I learned from the TV, radio, and during a subsequent telephone conversation with Rev. Bernard Lee, a [Southern Christian Leadership Conference] staff member who was then in Memphis, that Dr. King was dead. My reaction was anger and shock.
I immediately thought, “They finally got him." I also reflected on the irony that I had been opposed to Dr. King going to Memphis in the first place. My opposition was not based on any political difference or opposition to the importance of [Dr. King's public support] for the garbage workers' strike in Memphis. In a meeting with other members of Dr. King’s “kitchen cabinet," I reminded everyone, especially Dr. King, that I had arranged ... for him to meet with potential donors in New York City.... Consequently, I wanted Dr. King to postpone his trip to Memphis.
The other memory I have is that I was the liaison point person who arranged for and accompanied [former first lady] Jacqueline Kennedy to the home of Coretta Scott King to personally express her condolences. I observed the two widowed women embrace in the living room of Dr. King’s home prior to his funeral ...
Has King—the man or the message—informed decisions in your career or personal life?
I met Dr. King for the first time in February of 1960 when he came to visit my home in Altadena, Calif., at the urging of Judge Hubert T. Delaney in [New York City], his chief defense lawyer in a pending criminal tax indictment of Dr. King by the state of Alabama. I was a 29-year-old Korean War veteran at the time, only seven months out of law school.
Judge Delaney [then] asked me to travel to Montgomery, Ala., to serve as his clerk in coordinating Dr. King’s defense with three other lawyers. I declined to do this, in spite of Dr. King’s personal appeal to me during his visit to my home ...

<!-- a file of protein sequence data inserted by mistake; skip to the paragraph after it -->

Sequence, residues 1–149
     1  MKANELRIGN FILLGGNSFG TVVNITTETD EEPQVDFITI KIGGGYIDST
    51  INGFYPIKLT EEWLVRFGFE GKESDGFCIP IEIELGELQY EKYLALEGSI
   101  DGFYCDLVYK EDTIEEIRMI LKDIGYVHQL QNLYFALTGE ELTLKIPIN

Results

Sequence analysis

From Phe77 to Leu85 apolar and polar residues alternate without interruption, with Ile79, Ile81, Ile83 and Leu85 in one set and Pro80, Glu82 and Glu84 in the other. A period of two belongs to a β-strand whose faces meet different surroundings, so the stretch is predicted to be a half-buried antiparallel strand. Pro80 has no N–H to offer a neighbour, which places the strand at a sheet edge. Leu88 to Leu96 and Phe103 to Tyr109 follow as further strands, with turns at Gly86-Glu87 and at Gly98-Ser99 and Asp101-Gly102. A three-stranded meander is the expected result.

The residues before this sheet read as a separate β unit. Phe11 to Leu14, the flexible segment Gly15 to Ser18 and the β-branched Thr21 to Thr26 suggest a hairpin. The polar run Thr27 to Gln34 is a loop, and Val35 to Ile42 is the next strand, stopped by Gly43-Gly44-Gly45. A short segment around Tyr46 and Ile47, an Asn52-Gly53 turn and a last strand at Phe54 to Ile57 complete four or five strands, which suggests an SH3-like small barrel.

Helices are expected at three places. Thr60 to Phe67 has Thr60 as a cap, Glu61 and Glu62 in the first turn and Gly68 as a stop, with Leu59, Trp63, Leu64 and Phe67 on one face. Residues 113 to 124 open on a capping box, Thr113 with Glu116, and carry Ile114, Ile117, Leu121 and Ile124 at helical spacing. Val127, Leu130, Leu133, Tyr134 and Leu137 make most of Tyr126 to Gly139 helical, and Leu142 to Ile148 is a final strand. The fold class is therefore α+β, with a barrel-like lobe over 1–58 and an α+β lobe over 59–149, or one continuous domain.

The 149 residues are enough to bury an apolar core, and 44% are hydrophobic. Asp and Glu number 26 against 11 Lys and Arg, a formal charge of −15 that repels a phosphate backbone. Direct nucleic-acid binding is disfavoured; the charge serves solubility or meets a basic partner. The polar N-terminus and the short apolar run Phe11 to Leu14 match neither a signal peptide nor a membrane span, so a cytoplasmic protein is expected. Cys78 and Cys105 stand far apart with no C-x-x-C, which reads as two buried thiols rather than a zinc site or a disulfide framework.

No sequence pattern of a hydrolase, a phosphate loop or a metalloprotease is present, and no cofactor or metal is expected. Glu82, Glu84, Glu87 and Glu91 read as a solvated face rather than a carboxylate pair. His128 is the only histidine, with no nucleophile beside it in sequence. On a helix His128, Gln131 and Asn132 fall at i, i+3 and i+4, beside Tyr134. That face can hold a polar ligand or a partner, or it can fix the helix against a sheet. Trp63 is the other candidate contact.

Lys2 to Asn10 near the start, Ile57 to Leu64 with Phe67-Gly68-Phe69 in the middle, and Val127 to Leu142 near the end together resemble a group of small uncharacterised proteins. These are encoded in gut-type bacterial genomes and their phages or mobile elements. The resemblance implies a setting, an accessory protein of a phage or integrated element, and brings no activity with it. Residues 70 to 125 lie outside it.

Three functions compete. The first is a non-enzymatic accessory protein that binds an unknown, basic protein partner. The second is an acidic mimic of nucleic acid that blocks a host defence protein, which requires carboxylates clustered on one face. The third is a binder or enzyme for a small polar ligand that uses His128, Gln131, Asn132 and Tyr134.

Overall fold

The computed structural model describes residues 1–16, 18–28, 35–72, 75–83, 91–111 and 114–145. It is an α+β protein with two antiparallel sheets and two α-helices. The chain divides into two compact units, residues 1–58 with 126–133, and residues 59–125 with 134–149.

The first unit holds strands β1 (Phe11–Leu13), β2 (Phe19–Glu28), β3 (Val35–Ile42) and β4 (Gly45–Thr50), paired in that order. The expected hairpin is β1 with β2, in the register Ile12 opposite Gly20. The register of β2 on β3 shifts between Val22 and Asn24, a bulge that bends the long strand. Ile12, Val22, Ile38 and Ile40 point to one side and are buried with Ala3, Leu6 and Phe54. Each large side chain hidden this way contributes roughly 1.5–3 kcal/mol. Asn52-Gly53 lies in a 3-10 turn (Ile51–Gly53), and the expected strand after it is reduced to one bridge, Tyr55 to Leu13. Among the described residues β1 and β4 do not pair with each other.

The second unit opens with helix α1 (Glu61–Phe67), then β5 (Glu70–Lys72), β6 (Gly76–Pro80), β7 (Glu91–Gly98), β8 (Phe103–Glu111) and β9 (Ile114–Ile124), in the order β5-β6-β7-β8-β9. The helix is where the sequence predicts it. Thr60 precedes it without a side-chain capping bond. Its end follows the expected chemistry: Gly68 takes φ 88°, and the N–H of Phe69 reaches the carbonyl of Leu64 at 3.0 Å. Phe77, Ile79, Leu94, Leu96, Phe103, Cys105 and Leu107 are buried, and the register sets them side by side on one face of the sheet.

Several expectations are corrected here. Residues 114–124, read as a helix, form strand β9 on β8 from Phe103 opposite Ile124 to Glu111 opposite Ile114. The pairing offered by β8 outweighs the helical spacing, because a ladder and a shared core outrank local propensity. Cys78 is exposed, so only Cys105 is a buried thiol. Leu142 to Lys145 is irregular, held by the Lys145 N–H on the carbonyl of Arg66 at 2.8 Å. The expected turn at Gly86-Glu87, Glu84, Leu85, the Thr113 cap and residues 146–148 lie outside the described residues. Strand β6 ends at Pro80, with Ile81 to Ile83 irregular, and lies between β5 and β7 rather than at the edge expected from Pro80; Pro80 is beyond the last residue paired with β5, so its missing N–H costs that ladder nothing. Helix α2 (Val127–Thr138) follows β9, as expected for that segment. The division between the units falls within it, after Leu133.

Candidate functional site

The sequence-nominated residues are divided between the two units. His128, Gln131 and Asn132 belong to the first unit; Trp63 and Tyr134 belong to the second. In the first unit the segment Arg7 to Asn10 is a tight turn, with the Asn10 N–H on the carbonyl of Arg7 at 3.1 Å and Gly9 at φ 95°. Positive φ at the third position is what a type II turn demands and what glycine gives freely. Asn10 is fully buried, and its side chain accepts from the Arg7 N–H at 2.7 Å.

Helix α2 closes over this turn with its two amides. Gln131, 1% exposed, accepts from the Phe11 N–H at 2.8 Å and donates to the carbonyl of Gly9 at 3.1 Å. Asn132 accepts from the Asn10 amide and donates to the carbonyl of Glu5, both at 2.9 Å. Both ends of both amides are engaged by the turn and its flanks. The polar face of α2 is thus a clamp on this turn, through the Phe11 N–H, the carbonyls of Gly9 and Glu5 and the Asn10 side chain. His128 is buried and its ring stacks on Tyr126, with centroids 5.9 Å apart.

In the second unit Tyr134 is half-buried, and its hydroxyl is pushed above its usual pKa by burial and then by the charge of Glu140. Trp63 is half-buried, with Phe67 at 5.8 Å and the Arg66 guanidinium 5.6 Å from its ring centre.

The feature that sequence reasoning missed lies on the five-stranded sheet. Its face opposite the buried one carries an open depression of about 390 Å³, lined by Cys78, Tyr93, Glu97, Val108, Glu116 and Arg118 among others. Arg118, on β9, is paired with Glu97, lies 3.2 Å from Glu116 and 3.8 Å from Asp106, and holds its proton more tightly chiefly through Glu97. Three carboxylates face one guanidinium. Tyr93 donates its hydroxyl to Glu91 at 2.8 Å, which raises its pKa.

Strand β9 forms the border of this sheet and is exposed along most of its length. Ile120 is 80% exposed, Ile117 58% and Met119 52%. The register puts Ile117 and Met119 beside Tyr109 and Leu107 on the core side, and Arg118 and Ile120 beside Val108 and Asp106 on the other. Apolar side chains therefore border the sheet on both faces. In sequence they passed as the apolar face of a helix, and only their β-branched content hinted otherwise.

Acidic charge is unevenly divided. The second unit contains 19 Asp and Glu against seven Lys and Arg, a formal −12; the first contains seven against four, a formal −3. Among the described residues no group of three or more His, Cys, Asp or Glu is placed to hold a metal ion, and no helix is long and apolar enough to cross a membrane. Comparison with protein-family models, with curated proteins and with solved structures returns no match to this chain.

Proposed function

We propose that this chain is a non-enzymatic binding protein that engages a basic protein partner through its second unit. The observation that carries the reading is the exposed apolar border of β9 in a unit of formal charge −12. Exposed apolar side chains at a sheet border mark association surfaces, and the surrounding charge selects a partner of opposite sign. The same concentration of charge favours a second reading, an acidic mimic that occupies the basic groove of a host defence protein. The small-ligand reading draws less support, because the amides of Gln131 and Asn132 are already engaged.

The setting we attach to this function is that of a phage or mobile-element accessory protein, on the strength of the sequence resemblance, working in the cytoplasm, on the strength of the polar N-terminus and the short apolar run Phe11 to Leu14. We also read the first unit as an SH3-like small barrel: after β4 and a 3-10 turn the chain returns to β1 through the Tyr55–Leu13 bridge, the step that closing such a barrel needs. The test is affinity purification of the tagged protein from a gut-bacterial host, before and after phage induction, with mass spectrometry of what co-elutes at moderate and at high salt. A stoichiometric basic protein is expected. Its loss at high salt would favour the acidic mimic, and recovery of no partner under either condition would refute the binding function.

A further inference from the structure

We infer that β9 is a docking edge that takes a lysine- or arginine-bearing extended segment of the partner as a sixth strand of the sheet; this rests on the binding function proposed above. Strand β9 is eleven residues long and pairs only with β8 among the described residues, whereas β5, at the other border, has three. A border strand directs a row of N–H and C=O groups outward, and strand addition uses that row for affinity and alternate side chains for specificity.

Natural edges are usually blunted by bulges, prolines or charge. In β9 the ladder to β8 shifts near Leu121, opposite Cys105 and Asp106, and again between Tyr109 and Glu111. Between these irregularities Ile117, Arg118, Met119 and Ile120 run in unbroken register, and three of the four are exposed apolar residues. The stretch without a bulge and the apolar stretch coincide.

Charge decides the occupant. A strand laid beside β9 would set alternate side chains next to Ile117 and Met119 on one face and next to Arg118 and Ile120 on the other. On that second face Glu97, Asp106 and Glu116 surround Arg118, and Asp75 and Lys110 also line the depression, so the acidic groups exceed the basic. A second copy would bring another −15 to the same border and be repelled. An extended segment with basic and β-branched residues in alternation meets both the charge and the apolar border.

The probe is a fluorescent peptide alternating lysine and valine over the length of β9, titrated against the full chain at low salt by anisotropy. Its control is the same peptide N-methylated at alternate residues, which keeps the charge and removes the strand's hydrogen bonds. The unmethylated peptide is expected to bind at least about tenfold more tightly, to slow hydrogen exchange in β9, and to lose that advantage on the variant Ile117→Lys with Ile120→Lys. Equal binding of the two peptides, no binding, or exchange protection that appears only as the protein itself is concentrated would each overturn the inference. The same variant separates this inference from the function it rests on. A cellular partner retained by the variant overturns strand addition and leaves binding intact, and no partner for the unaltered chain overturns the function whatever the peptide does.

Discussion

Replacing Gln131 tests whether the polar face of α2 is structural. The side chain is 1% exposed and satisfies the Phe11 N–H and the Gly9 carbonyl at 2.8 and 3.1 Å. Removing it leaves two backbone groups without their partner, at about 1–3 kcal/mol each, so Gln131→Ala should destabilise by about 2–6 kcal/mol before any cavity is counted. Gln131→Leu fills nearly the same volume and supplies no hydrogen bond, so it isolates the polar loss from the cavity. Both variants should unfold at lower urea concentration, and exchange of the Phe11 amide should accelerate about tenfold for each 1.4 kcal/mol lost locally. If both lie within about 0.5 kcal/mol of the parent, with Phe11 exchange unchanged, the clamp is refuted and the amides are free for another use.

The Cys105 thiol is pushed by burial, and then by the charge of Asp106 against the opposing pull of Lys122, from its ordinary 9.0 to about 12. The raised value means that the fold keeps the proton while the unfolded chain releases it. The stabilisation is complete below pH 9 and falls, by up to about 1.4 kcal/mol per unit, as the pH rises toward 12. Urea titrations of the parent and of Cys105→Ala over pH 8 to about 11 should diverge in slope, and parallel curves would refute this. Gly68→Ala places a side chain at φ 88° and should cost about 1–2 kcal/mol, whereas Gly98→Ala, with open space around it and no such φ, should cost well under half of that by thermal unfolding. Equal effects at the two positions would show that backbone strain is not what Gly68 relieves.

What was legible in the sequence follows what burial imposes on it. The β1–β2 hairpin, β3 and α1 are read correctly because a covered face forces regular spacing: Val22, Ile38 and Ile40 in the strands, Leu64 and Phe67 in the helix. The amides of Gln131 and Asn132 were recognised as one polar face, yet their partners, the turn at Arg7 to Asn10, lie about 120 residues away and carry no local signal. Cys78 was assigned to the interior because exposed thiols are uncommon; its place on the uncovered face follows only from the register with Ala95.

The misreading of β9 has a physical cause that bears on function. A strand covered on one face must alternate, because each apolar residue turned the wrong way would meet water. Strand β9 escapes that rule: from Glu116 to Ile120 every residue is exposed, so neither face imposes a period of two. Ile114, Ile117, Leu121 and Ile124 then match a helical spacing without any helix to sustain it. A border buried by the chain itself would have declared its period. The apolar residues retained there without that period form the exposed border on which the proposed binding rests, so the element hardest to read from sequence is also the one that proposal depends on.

At Dr. King’s invitation, I attended a Sunday church service following his Friday evening visit to my home. He was the guest preacher at a church in the predominantly Negro community of Baldwin Hills ...
I had never, in person, seen or heard Dr. King preach before.... He [referred to me] in his sermon as a “Negro professional [who had refused] to aid and assist our brothers and sisters struggling for freedom in the South."
I [reversed] my earlier decision not to go to Montgomery.
Is there a song that for you evokes Dr. King’s legacy, or the civil-rights movement?
Blowin' in the Wind by Peter, Paul and Mary, and by Bob Dylan
We Shall Overcome
Is Dr. King’s message relevant to any contemporary civil-rights or equality issues?
Dr. King’s consistent message and commitment to nonviolent conflict resolution and encouraging the pursuit of personal and educational excellence is relevant to all contemporary civil rights and equality issues.
Interview conducted by Christopher Snow Hopkins.